Glaucoma 

More than half of patients with glaucoma don’t even know they have it, which is why regular eye exams are so important. Glaucoma refers to a group of diseases that affect the optic nerve at the back of the eye causing irreversible damage to the nerves and results in blindness without treatment. 

Macular Degeneration

Age related macular degeneration (AMD) affects 1 in 7 Australians over the age of 50 and is the main cause of vision impairment and legal blindness in Australian adults. This disease affects a part of the retina which is responsible for our central vision, causing blurriness and dark spots in the centre of your vision. Early detection and treatment can help to prevent blindness from macular degeneration. When detected early, AMD is best managed with the use of dietary supplements, wearing sun protection, and careful monitoring by your Optometrist and Ophthalmologist (specialist eye surgeon). 

Pterygium 

This is a triangular-shaped lump of tissue which grows on the white of the eye and is associated with exposure to ultra-violet radiation and hot, dry environments.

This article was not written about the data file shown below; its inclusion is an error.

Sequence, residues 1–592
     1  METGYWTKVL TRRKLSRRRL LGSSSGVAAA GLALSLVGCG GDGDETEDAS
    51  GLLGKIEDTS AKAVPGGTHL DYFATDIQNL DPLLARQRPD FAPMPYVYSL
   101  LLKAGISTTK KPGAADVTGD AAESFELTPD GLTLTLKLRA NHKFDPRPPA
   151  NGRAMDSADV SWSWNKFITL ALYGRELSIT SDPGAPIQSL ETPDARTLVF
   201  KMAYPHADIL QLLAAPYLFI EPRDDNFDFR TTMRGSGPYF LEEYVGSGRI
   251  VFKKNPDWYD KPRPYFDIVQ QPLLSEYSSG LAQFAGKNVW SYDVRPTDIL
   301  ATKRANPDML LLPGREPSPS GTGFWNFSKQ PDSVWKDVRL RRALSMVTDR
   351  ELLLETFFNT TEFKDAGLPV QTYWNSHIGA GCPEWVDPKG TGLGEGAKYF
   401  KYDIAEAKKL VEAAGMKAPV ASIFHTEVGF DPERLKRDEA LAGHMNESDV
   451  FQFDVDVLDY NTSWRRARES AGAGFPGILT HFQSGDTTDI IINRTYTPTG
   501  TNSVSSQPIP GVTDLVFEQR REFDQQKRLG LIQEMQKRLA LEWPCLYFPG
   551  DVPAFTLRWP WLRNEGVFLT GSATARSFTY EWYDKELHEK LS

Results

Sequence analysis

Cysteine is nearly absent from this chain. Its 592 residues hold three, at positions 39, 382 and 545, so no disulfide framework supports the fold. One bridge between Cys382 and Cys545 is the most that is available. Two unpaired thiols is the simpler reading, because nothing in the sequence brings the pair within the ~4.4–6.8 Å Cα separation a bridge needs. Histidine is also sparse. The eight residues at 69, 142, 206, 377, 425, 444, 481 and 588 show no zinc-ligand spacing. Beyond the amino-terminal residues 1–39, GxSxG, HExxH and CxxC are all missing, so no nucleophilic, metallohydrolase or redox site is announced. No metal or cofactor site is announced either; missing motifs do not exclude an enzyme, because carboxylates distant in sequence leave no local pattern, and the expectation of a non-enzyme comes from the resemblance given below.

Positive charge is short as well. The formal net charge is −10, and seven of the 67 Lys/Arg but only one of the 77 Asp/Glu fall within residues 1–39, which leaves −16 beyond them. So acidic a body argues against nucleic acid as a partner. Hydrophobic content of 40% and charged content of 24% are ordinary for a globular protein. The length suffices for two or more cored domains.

Red eye and infections

There are many possible causes of red eye. Some are cause for concern but some are medical emergencies. Always have a red eye properly diagnosed and avoid trying over the counter medications and ointments as this can exacerbate the problem. 

Emergency care 

Almost all ocular injuries that occur could have been prevented by using protective eye wear. Fast and accurate medical diagnosis, removal of foreign bodies and treatment will reduce the risk of permanent vision loss in the injured eye. 

Specialist and Ophthalmologist care 

We provide advice and assessment for patients seeking LASIK or refractive surgery and for those who can benefit from other forms of medical or surgical intervention. We refer patients to an Ophthalmologist (eye surgeon) who can provide the best available diagnosis and treatments for specific eye conditions.